I, for one, would be very interested in hearing about what British intellectuals say that makes your blood boil as I'm not familiar with that. One of the great things about the LGF Pages is that they're much "quieter". What I mean is they allow you to write at your own pace without having to keep up with a busy (or contentious) thread, and you have the ability to delete your own page if things get out of control. I don't want to pressure you into discussing things you're uncomfortable with, I'm just pointing out that the Pages may be the best place to do so if you ever change your mind.

Thank you for your kind & thoughtful remarks.

83 zora  Fri, Apr 29, 2011 12:24:03pm

re: #81 Buck

you have a comprehension problem or you are willfully ignorant. what can be said?

84 CuriousLurker  Fri, Apr 29, 2011 12:40:46pm

re: #80 Buck

"f anyone has something constructive to add or wants to have a civilized discussion,"

I thought I was being very civilized and constructive. And what do I get? Downdinged as if I said something wrong.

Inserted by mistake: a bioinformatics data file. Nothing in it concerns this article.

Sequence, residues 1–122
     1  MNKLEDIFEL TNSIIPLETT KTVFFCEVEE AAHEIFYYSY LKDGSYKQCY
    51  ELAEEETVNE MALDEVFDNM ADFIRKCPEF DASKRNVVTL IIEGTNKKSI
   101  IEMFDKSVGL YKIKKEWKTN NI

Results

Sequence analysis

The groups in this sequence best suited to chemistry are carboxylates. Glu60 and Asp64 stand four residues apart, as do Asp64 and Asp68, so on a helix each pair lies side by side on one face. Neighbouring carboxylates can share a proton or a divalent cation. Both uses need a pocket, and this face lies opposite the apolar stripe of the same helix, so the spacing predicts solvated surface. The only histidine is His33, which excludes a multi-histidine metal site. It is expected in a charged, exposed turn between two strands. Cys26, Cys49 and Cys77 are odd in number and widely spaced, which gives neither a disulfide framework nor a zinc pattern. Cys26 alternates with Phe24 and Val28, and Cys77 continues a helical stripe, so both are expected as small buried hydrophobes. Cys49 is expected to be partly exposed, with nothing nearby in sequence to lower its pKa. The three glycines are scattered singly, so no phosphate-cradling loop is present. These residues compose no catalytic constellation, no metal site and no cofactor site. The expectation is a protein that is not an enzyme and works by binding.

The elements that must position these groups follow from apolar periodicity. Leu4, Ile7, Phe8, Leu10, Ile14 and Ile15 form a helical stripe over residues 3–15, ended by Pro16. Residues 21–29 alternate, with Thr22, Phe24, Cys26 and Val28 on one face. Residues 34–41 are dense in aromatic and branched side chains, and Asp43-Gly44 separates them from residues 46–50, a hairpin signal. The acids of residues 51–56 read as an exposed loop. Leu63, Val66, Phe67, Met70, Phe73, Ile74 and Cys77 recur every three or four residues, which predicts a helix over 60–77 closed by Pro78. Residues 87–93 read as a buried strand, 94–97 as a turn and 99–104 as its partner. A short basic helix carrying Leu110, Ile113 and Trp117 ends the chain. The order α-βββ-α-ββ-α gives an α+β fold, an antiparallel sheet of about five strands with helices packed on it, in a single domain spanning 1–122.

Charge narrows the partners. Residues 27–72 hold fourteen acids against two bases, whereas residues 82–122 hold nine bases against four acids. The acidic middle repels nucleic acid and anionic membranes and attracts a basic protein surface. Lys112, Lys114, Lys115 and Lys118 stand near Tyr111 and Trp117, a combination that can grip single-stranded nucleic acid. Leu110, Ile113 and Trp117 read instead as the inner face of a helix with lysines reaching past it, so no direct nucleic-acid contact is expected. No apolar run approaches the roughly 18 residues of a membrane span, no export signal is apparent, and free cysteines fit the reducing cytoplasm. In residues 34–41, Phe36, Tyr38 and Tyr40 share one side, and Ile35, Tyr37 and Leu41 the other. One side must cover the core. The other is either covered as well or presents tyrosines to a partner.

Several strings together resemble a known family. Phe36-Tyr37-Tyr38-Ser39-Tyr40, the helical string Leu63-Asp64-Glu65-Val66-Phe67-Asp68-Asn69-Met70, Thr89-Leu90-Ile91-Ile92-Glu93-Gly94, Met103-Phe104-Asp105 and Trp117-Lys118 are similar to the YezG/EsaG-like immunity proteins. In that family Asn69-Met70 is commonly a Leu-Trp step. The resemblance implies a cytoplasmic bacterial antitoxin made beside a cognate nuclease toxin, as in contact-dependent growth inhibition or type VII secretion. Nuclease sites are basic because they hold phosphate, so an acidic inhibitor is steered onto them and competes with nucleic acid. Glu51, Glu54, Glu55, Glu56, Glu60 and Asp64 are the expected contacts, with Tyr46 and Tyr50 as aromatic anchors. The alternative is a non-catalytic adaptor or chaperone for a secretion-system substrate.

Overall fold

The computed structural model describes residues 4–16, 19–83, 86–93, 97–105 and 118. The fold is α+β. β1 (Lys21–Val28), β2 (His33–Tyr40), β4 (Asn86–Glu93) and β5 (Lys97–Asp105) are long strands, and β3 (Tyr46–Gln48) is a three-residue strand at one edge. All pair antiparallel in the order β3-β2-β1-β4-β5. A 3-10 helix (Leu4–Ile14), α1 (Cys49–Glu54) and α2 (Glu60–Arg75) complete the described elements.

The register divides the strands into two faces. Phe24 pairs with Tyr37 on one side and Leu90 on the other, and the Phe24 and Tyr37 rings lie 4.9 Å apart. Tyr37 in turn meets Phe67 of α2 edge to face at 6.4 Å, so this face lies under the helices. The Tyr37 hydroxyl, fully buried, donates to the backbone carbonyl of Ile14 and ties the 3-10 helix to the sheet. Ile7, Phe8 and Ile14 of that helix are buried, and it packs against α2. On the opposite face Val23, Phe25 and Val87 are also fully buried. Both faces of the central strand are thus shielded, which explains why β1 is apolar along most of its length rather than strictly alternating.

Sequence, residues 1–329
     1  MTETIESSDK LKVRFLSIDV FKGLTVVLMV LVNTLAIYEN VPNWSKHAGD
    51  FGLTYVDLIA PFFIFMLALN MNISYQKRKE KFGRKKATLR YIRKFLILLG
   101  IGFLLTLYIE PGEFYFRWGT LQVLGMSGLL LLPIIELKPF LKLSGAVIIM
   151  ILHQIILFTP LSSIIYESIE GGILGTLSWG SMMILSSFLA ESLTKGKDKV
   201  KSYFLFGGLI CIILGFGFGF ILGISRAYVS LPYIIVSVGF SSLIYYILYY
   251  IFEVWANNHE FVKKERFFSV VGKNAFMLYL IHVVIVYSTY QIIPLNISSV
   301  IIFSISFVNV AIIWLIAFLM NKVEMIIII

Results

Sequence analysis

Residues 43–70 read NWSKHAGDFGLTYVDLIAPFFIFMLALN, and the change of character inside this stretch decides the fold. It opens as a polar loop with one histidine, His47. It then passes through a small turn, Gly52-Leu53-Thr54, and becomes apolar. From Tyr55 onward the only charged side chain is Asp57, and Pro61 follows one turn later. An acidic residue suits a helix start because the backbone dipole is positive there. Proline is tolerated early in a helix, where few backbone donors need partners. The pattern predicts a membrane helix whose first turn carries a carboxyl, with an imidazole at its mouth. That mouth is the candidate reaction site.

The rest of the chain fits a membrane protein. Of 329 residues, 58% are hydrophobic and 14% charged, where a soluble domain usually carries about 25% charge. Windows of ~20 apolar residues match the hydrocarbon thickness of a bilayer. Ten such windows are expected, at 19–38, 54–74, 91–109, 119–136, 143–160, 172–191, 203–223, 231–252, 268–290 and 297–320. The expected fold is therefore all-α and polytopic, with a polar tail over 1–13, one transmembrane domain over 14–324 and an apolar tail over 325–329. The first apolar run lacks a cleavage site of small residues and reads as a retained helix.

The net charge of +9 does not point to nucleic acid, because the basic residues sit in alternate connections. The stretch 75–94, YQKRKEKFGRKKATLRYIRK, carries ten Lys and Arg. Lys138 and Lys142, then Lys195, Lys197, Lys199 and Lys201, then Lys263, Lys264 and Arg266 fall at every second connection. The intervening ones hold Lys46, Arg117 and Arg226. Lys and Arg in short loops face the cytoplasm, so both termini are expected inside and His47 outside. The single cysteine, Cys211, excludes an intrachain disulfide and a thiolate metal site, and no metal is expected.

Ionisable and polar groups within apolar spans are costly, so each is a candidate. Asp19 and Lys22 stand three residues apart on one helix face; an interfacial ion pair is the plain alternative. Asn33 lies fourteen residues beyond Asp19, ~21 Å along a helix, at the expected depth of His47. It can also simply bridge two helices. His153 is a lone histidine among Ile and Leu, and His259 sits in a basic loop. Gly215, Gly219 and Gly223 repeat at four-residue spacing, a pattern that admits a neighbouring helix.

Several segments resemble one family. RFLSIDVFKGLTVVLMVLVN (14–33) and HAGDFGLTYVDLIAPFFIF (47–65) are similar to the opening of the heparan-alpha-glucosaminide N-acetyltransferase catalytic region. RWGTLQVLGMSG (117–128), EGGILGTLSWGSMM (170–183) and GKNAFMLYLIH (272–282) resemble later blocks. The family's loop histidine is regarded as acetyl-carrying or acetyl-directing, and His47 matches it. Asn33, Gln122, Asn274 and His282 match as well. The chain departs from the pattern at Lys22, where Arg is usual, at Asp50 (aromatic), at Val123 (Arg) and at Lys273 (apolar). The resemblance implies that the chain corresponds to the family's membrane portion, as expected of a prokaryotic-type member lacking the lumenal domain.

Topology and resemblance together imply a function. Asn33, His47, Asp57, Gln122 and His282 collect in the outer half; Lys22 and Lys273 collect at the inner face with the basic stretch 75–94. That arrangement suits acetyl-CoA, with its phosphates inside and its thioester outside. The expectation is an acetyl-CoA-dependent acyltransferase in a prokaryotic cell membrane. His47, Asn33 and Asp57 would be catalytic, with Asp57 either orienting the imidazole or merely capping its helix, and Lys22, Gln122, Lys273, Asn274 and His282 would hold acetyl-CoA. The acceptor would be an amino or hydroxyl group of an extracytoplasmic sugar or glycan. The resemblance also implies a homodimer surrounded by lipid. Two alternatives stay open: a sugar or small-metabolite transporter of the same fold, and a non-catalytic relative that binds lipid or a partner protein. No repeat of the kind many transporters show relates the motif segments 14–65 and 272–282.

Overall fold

That's not what people heard, including myself, which is why you got down-dinged. That and your history of doggedly beating a horse to death once someone engages with you. Based on that, I find it well nigh impossible to envision having a constructive conversation with you, which is why I don't usually try.

You also made some very ugly, ignorant comments yesterday about the Dome of the Rock and Islam that got deleted. I see no point in discussing the matter with someone who holds such opinions. If you want to continue jumping up & down to try to draw someone else in, be my guest.

85 CuriousLurker  Fri, Apr 29, 2011 12:53:58pm

re: #6 Jimmah

Agreed. And people who promote war as the answer - on both sides - are the problem here, not the solution. They might think that they are acting in the interests of their people, but they are not.